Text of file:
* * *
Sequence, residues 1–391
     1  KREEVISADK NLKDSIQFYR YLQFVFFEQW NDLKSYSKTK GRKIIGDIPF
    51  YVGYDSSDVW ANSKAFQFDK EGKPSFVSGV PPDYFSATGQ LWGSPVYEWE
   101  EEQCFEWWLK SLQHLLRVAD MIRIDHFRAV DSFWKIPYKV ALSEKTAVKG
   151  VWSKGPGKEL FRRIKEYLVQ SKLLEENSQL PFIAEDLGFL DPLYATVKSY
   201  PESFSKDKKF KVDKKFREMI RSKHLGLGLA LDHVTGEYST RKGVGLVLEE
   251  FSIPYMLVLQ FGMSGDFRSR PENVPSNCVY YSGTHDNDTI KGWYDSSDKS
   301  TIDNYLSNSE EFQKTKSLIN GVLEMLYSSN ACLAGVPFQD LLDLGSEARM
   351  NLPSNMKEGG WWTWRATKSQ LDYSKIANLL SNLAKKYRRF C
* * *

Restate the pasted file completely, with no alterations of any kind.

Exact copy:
Sequence, residues 1–391
     1  KREEVISADK NLKDSIQFYR YLQFVFFEQW NDLKSYSKTK GRKIIGDIPF
    51  YVGYDSSDVW ANSKAFQFDK EGKPSFVSGV PPDYFSATGQ LWGSPVYEWE
   101  EEQCFEWWLK SLQHLLRVAD MIRIDHFRAV DSFWKIPYKV ALSEKTAVKG
   151  VWSKGPGKEL FRRIKEYLVQ SKLLEENSQL PFIAEDLGFL DPLYATVKSY
   201  PESFSKDKKF KVDKKFREMI RSKHLGLGLA LDHVTGEYST RKGVGLVLEE
   251  FSIPYMLVLQ FGMSGDFRSR PENVPSNCVY YSGTHDNDTI KGWYDSSDKS
   301  TIDNYLSNSE EFQKTKSLIN GVLEMLYSSN ACLAGVPFQD LLDLGSEARM
   351  NLPSNMKEGG WWTWRATKSQ LDYSKIANLL SNLAKKYRRF C